Dining In 3 minutes 16 April 2019

Recipe: Naturally-dyed Easter Eggs And 5 Ways To Decorate Them

This Easter, have fun with the children and colour your Easter eggs with a pretty and natural twist.

Easter egg Kids

During Easter, eggs are dyed and decorated, then given as gifts or squirreled away for children’s egg hunts. Although eggs, in general, are a traditional symbol of fertility and rebirth, in the Christian celebration of Easter, these painted eggs symbolise the resurrection of Jesus Christ.

All around the world, different cultures have practiced the colouring of eggs during Easter. In Orthodox and Eastern Catholic Churches, Easter eggs are dyed red, while people in Russia and Israel traditionally dye their eggs in onion skins. In Greece, a red Easter egg is baked into a braided loaf of tsoureki, while in Germany, delicately painted eggs are hung in trees called Osterierbaum.

Although we peel the eggs before eating them, the semi-permeable nature of egg shells means that some of the dyes are absorbed by the egg. Artificial food dyes contain chemicals that might trigger sensitivities in some people, especially children.

Natural food dyes can be easily derived from fruit, vegetables and other pantry staples with a bit of vinegar to help the dye adhere to the eggs. Though not as vibrant as commercial food dyes, natural dyes colour Easter eggs in a subtle, rustic way — charming and perfectly safe to eat. The dyes can be made ahead and stored in the refrigerator for a few days till they’re ready for use.

Try your hand at making natural food dyes with the recipe below and then exercise your creativity with these five, easy ideas to decorate your Easter eggs:
1. Ombre Easter Eggs
The secret to these trendy-looking eggs is a plastic bottle cap and simply letting different sections of the egg soak for shorter periods of time. Place the egg upright on the bottle cap in a glass, pour in the natural dye till the egg is a third submerged and refrigerate overnight. Then, pour in more dye till the egg is two thirds submerged and refrigerate for a few hours. Fully submerge the whole egg for an hour or leave the tops of the eggs white for an ombre look.

2. Whipped Cream Marbling
This method is messy and fun for the kids and makes magical unicorn swirls on white eggs. Using whipped cream rather than the traditional method of shaving cream makes Easter eggs that are perfectly safe and edible as well. Fill a casserole or baking dish with whipped cream and drip the natural dye liberally over the whipped cream, keeping space between the different colours. Use two or three colours at any one time to prevent the muddying of colours. 

Swirl up the colours with a spoon, being careful not to over-stir. Submerging the hard-boiled eggs in vinegar for two minutes before dyeing them helps them absorb the colours. Roll the eggs in the multi-coloured cream and let them sit in the cream for about 15 minutes. Because natural dyes aren’t as strong as food dyes or gels, you can keep the eggs covered in the whipped cream in the refrigerator for a few hours to ensure a more vibrant colour. Remove the eggs from the whipped cream and pat them clean gently with a kitchen towel or paper towels.
3. Washi Tape Two-Ways
Washi tape comes in all sorts of wonderful colours and designs. Once you’ve dyed your eggs using the recipe below, you can easily decorate them with strips and cut-out patterns of washi tape. Otherwise, adhere strips and cut-outs of washi tape on to un-dyed eggs, then soak them in dye. Dry the dyed eggs and peel off the washi tape to uncover cool designs.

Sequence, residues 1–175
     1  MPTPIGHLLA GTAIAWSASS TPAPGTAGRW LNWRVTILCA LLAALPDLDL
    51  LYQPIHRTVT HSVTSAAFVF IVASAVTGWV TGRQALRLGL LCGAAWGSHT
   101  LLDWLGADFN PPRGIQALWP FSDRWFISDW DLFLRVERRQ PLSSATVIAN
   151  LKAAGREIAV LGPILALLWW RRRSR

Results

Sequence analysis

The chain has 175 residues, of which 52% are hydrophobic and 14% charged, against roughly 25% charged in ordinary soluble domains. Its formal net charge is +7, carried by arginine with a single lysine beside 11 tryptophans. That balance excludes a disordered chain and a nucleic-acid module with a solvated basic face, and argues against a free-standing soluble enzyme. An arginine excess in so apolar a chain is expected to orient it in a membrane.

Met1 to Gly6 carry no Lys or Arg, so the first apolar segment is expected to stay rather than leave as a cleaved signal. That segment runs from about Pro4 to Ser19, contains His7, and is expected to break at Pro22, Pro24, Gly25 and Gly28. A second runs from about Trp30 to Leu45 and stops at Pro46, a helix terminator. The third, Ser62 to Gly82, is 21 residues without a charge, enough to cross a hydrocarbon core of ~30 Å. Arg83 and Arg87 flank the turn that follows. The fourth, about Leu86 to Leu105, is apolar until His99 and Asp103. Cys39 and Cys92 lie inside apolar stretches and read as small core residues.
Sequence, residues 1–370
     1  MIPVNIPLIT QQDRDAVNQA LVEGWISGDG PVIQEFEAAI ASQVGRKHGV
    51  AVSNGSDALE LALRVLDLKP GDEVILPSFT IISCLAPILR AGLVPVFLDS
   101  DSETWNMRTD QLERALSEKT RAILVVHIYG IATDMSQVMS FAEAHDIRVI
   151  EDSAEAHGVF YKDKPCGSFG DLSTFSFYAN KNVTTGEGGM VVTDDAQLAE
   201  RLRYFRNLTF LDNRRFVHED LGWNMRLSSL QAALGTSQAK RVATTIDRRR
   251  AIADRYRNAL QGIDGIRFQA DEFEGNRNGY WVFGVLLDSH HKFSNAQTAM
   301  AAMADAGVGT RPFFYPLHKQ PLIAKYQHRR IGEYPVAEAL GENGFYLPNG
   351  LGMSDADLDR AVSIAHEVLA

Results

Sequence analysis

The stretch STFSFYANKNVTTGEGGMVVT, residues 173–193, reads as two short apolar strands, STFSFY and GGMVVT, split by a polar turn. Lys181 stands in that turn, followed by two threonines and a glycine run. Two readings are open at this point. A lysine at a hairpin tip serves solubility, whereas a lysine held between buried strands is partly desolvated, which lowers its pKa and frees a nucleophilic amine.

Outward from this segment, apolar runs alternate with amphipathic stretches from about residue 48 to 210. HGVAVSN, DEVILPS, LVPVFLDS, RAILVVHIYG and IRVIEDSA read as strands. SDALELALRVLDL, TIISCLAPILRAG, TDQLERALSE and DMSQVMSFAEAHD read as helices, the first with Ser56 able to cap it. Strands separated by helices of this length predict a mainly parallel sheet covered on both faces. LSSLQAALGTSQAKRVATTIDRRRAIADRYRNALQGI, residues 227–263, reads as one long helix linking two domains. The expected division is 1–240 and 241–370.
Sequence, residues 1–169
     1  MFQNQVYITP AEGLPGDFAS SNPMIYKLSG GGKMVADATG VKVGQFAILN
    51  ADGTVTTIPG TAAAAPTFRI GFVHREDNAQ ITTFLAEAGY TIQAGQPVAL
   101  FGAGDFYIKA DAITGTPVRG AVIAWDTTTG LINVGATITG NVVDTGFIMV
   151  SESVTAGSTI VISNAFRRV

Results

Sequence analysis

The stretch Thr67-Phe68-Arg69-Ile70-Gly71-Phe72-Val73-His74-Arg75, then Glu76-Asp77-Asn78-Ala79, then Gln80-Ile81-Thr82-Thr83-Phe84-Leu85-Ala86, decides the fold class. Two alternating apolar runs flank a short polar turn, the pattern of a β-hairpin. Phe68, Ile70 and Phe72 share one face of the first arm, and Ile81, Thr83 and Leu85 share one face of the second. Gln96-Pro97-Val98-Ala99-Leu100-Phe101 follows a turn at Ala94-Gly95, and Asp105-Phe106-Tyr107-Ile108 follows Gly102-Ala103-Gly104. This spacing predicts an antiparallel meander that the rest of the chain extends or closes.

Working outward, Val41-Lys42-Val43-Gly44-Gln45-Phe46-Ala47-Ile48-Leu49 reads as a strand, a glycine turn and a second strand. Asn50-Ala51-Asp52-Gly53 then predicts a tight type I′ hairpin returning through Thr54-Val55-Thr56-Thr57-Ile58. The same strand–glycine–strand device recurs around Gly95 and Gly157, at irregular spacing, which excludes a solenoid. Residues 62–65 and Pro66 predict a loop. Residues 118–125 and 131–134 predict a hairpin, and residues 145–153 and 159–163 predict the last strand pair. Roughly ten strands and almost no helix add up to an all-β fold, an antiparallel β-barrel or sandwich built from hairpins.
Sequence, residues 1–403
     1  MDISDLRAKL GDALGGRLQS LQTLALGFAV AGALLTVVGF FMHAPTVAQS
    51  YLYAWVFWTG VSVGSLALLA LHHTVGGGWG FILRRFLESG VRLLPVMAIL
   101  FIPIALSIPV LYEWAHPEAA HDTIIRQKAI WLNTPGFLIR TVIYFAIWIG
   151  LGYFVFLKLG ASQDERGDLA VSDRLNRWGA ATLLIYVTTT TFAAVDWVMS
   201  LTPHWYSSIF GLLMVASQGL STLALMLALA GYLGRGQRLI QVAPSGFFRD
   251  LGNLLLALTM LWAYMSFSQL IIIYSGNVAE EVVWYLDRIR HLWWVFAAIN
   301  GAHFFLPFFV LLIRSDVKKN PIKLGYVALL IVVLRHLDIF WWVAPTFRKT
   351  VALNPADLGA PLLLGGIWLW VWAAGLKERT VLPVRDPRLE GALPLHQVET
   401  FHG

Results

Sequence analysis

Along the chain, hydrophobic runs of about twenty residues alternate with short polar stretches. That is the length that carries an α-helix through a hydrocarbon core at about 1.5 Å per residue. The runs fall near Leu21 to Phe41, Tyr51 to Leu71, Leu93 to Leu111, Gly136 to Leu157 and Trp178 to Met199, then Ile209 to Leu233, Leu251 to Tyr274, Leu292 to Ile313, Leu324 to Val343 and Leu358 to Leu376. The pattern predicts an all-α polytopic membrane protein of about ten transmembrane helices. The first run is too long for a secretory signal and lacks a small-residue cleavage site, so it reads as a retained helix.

4. Wax Crayon-resist
You’ll need a white non-toxic wax crayon for this simple technique. Draw simple motifs on the eggs with white crayon, then soak them in natural dye overnight. The areas covered with crayon wax will resist the dye and leave patterns on the eggs.
5. Botanical Imprints
For this, you’ll need to look into your refrigerator for herbs like parsley, coriander and dill, or take a walk in the park to gather little flowers, leaves and fern tips. Cut a clean pair of stockings into smaller segments that can fit an egg. Place leaves and flowers on each uncooked egg, then wrap tightly in a segment of stockings. Pull the stockings tightly over the egg and tie off the ends with a bit of string or thread. Place the stocking-covered raw eggs in a pot of natural dye and bring to a boil, then simmer for 15 to 20 minutes. Once the eggs are cool, cut open the stocking, remove the leaves and dab dry with a paper towel. Buff with a little oil for a nice shine.
Naturally-dyed Easter Eggs
Dyes 6 eggs

6 hard-boiled eggs (preferably white eggs)
2 cups of water
2 Tbsp white vinegar

Dye materials:
1 cup yellow onion skins: Turns white eggs orange and brown eggs brick red.
2 Tbsp ground turmeric: Turmeric turns out mustard yellow eggs.
1 cup chopped purple cabbage: Surprisingly, this dye turns white eggs blue and brown eggs green.
1 cup blueberries: Dye made from blueberries colour eggs a deep indigo.
4 cups spinach leaves: This is the faintest dye and turns white eggs a subtle pale green.
1 cup shredded beets: Dye made from shredded beets turns pink on white eggs and maroon on brown eggs.

1. In a pot, bring the water and chosen dye material to a boil, then cover the pot and simmer for 15-60 minutes till a deep hue is achieved.
2. Let cool to room temperature, then strain and reserve the coloured liquid.
3. Add the vinegar into the liquid.
4. In a bowl or jar, cover the hard-boiled eggs in the dye liquid and refrigerate overnight till desired colour is achieved.
5. Pat dry with paper towels or leave on a cooling rack to air-dry. Buff with a little oil for a nice shine.

Dining In

Keep Exploring - Stories we think you will enjoy reading

Subscribe to our newsletter and be the first to get news and updates about the MICHELIN Guide
Follow the MICHELIN Guide on social media for updates and behind-the-scenes information